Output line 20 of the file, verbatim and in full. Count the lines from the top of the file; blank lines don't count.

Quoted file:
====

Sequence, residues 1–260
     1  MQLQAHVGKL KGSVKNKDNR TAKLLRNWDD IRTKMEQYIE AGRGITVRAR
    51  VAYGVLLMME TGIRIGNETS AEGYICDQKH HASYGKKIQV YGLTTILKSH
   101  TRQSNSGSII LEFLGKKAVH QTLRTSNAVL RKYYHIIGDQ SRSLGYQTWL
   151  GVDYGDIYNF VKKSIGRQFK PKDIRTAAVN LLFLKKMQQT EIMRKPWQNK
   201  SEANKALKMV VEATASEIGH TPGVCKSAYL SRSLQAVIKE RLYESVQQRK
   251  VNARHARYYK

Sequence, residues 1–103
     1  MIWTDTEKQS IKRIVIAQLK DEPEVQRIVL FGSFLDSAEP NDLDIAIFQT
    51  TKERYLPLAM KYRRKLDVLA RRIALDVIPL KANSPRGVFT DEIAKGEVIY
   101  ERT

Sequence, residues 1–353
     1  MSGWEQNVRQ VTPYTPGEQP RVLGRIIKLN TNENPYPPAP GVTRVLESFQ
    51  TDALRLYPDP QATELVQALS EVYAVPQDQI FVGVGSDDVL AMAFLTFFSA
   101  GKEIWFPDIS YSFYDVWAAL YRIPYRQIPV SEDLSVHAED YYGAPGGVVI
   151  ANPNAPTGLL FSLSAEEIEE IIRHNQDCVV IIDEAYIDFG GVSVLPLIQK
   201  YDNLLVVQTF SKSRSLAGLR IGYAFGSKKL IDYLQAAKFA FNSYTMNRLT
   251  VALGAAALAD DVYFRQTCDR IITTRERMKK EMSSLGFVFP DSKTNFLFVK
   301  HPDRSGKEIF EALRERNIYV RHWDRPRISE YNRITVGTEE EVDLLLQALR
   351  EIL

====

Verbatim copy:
   351  EIL